A native Midlander, 23-year-old Bueno said she truly enjoys working in the non-profit sector and helping to improve the quality of life for West Texans. During her senior year at UTPB, Bueno worked as an intern for Casa de Amigos in Midland. She now works as a client advocate for Safe Place, where she assists victims of domestic violence and their children.

Bueno stated, “The minute I stepped in the doors of Safe Place for that initial interview, I knew this was the place for me.”

She continues to live in Midland with her parents. Her father recovered from his lung illness, and in April of 2012 he received the long-awaited kidney transplant from an anonymous donor at Baylor Medical Center in Dallas. Her mother is employed as a housekeeper.

Irma’s two older siblings, Ruben and Ana are also products of Midland College. The family of five—six, if you include their beagle named Bruno—enjoy spending time with each other. Irma said that after almost having lost her dad, the family feel blessed to be able to continue to be together.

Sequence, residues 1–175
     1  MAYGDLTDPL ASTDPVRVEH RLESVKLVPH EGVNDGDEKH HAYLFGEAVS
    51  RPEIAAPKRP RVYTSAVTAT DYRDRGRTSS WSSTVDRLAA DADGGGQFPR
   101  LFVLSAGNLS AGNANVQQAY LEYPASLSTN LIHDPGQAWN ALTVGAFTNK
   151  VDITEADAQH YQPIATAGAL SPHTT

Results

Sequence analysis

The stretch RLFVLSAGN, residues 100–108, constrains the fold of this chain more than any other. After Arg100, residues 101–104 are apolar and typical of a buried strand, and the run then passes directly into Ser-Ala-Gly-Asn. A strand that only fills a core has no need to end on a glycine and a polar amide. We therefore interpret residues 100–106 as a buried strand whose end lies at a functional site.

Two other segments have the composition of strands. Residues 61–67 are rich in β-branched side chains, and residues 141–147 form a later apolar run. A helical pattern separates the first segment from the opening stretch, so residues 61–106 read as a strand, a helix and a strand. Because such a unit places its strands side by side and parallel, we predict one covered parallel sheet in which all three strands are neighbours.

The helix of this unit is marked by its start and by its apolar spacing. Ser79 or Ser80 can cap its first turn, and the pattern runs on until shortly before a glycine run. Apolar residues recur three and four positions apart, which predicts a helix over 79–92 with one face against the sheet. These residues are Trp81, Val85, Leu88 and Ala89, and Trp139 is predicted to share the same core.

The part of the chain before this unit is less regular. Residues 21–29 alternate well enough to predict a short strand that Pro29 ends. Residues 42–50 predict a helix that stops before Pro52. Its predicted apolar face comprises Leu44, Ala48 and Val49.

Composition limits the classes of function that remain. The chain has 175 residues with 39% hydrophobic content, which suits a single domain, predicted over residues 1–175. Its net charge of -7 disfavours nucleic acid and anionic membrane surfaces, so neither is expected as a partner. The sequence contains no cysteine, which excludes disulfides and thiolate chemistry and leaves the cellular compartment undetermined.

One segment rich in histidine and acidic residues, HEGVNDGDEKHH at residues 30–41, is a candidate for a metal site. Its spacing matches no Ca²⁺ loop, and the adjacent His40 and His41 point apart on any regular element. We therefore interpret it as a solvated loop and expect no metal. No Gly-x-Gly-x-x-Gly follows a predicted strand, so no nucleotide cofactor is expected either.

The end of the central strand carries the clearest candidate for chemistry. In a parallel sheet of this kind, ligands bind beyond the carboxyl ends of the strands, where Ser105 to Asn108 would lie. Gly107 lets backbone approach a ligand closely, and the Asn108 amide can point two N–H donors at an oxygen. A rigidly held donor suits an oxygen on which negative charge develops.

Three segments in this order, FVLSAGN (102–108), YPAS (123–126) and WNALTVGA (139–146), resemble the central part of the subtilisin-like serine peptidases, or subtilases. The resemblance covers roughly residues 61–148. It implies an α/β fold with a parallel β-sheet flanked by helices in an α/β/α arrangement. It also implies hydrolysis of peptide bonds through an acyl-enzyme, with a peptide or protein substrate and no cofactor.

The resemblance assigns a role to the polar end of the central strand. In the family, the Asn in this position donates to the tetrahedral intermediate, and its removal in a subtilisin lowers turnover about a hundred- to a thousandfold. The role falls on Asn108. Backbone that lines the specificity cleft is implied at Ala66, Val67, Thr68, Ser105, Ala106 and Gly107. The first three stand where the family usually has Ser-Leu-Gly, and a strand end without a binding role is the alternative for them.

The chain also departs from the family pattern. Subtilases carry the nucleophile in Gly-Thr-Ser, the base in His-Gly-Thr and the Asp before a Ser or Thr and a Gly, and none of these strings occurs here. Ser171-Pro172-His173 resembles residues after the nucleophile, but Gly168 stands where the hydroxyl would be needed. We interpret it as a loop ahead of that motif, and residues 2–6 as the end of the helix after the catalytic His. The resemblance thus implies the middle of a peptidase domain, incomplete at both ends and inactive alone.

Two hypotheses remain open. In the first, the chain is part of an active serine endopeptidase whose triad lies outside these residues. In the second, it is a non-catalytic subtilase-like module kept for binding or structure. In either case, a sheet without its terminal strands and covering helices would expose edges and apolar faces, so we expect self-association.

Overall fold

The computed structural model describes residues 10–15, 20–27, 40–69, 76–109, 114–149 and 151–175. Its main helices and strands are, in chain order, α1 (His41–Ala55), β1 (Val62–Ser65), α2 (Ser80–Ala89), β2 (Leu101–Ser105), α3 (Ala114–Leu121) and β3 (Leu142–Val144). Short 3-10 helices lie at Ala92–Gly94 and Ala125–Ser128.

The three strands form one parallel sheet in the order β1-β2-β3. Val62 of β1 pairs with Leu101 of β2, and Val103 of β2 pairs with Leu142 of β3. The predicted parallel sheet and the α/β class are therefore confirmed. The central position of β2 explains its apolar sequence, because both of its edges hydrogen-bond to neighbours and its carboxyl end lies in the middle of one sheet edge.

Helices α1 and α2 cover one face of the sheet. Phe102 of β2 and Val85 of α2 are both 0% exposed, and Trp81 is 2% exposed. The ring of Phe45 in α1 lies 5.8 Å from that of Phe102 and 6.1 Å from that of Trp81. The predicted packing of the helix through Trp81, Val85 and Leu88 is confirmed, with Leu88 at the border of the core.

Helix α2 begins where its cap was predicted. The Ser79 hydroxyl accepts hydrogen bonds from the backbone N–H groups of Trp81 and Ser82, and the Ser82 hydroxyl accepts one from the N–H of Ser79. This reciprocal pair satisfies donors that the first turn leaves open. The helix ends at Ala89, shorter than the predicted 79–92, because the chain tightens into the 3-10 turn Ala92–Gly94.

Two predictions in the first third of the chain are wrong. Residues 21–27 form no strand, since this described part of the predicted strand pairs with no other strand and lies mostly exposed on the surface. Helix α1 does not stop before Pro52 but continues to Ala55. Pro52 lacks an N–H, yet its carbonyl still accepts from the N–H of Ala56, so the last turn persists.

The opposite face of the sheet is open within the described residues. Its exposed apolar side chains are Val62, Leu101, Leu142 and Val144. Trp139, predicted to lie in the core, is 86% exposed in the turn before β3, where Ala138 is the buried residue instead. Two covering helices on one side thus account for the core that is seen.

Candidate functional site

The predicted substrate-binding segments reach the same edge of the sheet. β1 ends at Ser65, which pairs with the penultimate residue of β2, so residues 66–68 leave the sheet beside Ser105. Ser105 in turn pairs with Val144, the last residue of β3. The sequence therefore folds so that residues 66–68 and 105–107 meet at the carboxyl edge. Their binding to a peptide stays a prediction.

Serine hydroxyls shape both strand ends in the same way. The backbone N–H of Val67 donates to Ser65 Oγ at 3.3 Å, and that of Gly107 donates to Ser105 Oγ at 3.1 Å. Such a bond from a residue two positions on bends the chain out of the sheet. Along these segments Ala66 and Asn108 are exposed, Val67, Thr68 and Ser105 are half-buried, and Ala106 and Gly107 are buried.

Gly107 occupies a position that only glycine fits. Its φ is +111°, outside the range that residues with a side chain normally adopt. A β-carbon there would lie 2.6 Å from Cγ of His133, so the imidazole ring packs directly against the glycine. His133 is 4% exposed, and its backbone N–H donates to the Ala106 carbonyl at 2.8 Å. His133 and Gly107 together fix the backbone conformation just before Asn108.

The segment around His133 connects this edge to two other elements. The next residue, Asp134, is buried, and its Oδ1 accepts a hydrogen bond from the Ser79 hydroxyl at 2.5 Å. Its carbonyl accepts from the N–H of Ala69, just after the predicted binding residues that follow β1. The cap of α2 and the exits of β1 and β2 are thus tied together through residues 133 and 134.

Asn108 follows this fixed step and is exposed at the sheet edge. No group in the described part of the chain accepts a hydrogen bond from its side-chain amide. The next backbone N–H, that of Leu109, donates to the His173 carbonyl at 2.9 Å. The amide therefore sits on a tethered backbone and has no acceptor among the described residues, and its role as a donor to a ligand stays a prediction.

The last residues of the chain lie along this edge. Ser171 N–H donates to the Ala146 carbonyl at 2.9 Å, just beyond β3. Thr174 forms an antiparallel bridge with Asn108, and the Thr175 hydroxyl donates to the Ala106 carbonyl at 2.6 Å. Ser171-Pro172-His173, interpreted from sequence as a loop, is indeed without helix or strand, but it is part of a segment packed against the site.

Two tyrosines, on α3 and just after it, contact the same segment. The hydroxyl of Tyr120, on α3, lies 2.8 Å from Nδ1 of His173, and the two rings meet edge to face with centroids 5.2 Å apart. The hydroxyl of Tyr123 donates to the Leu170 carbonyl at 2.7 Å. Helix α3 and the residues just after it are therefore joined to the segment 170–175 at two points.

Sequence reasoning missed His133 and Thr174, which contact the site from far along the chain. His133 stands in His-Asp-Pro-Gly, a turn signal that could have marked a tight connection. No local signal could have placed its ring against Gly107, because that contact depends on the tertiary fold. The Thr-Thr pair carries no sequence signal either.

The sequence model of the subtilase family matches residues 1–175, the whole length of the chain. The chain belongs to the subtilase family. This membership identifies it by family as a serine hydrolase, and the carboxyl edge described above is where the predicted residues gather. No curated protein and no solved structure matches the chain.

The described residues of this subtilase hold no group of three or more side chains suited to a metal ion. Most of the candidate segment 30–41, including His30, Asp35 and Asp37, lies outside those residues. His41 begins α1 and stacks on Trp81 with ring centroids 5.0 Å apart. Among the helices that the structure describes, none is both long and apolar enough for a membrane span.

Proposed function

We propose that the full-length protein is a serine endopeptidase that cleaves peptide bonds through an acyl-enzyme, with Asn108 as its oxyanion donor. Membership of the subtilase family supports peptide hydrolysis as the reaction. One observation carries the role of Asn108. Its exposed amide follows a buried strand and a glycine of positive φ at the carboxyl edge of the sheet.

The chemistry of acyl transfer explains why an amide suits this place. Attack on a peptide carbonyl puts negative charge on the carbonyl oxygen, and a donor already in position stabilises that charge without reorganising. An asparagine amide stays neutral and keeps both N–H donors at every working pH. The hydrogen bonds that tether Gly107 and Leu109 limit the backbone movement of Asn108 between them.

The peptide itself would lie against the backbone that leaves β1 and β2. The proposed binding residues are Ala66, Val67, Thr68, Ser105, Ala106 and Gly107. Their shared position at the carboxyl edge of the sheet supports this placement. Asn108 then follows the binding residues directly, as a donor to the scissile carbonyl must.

Irma said, “I’m not sure we will ever know who my father’s kidney donor is. We were told it was a young person. I know that his or her family has suffered a great loss, but I hope they realize that in even the darkest hour, there’s always a chance for happiness. Because of their loved one’s gift, my father is able to live.”

“My parents are my true drive,” continued Bueno. “They are my rock and my strength. Neither of them graduated from high school, and they always wanted more for their children. Despite my mom working long hours and my father being sick, they never missed attending my school events and high school and college graduations. They participated in everything—even the SIP fundraisers! My diplomas are as much theirs as they are mine.”